So you've decided to get out of the military. This is a huge life decision. Chances are you’ve put in at least 4 years, and quite possibly more. You’ve gotten what you can from the military and are ready to see what civilian life has in store for you. But where the hell do you start?!
If you’re anything like me, the decision to get out was a hard one. I know that we all like to bitch about how much it sucks and how you can’t wait to be a civilian again, but when it comes to actually making that decision a reality, there are lots of reservations that go along with it. You’ve dedicated your LIFE to this organization. You may have gone to war for your country and this organization. You have definitely found camaraderie that is unparalleled outside of this organization. For me, it was a huge part of my life. During my time in the Marines, friends of mine from home graduated college, went on to grad school or law school, or at the very least started working in the industry they are succeeding in now. And then there was me. I was going to get out a 29 year old without a degree and only a pretty good idea of what I wanted to do. But I made the decision and started planning.
The first thing I had to come to terms with was that once I informed my chain of command I would be completing my service, I didn’t quite feel the same level of support. I wasn’t tossed to the side or anything like that. In fact, my Platoon Commander and Platoon Sergeant made it possible for me to take college courses as I prepared to get out. But still, I wasn’t staying in. It’s something we all have to get used to. The fact that the organization doesn’t have time for those who aren’t staying in makes sense, right? You’re getting out so they have to focus their time and effort on those staying in.
I guess what I’m getting at is no one’s going to do anything for you, or hold your hand along the way. It’s up to you to decide what you want to do and figure out how to do it. Hopefully this will help a bit.
First and foremost you have to at least have an IDEA of what you want to do. Do you want to do something that requires a degree or certification? If so, what degree or certification do you need? How long does it take to get it? Is there anything you can do while you’re in to get a head start? These are just a few questions you are going to have to answer as you prepare to transition out. Oh, did I mention you probably want to be asking yourselves these questions at least a year in advance? Well I have now. Whether you are reenlisting or getting out, you need to be planning at least 1 year in advance.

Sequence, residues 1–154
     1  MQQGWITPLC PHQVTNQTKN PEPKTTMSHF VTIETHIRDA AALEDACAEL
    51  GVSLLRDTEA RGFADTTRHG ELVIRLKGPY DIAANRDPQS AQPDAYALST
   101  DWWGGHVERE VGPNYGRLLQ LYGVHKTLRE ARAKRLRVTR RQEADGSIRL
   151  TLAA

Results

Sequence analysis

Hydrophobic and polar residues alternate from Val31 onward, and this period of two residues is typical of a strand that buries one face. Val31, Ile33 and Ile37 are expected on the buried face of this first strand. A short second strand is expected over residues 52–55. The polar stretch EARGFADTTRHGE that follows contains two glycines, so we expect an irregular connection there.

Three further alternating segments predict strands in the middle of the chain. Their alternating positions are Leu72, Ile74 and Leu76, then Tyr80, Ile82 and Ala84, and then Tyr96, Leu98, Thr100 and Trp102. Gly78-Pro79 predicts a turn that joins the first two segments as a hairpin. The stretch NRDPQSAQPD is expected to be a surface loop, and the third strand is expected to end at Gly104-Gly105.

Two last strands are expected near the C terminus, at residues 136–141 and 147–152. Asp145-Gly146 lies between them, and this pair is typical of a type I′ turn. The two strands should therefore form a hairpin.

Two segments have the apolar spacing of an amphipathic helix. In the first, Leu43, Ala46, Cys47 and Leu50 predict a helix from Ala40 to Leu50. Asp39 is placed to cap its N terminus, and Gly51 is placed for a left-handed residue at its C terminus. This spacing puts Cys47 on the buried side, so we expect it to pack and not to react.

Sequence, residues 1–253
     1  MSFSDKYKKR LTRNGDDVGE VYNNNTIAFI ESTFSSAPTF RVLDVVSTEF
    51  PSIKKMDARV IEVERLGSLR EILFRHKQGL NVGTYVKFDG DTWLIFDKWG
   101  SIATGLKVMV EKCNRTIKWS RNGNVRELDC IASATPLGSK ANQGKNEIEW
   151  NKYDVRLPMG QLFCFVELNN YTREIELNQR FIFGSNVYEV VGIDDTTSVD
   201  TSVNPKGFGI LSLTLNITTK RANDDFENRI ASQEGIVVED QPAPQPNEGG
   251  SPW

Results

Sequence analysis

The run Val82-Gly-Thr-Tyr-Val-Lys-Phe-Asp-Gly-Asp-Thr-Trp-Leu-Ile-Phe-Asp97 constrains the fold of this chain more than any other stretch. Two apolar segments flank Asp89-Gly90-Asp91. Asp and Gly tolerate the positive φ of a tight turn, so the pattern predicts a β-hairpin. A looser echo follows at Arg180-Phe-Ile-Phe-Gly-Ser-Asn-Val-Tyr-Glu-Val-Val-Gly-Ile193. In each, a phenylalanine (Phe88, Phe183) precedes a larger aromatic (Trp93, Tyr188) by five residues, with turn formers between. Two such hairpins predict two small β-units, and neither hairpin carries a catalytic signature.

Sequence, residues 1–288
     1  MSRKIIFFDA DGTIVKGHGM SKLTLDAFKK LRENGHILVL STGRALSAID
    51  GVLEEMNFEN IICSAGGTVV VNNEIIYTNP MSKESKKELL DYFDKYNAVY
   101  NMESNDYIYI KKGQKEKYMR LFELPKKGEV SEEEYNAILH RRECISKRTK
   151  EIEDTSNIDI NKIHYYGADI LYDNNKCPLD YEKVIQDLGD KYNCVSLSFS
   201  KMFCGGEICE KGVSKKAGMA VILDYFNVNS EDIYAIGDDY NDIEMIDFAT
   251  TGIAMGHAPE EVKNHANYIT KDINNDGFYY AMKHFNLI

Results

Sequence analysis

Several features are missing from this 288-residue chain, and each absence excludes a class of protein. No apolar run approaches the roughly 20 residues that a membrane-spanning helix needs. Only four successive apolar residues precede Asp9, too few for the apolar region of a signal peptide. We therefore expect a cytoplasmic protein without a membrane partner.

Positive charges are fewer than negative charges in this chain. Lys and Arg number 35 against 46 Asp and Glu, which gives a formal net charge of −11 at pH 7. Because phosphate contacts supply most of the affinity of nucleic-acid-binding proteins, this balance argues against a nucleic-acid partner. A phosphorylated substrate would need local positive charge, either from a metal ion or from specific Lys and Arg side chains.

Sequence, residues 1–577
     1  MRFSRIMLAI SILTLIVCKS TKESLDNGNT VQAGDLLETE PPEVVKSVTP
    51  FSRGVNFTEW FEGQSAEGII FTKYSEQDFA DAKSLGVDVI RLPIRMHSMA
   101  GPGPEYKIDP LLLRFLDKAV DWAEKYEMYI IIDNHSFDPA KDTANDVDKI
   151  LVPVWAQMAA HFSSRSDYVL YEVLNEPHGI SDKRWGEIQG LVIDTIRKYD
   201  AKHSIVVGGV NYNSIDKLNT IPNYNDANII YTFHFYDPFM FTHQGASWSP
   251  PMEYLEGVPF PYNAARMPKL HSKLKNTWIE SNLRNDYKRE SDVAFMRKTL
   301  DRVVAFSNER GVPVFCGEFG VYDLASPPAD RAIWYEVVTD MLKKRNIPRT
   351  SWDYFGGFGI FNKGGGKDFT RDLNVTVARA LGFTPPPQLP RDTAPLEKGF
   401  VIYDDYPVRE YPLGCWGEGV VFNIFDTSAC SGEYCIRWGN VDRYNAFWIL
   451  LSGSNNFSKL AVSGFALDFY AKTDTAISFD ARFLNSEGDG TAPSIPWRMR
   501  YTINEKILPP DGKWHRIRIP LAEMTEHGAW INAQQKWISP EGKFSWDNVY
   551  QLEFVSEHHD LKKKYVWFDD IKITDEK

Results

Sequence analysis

Proper Prior Planning Prevents Piss Poor Performance. You’ve been told this over and over when it comes to mission planning, so why would it be any different as you prepare to transition to life as a civilian? It’s not. It’s actually MORE important because it’s YOUR life and YOUR future. I’ll be going into the different paths and how to plan for them in future blogs, but for now, I’ll leave you with that.
Through this whole process, the most important thing to remember is that NO ONE OWES YOU SHIT.
This is part one of a blog series focusing on assisting military service members transition to civilian life. Opinions are that of Match Grade Founder Alec Reisberg related to his experience transitioning out of the US Marine Corps. Stay tuned for additional installments.
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According to Hello Handbag founder, Anna Shelton, "I am personally honored to count many veterans as dear friends. One of those incredible people is Alec Reisberg, who founded Match Grade Apparel as a way to continue serving his country beyond his time as a Marine. Alec, his wife Nicole (a badass in her own right), and their beautiful baby make up this service-focused powerhouse."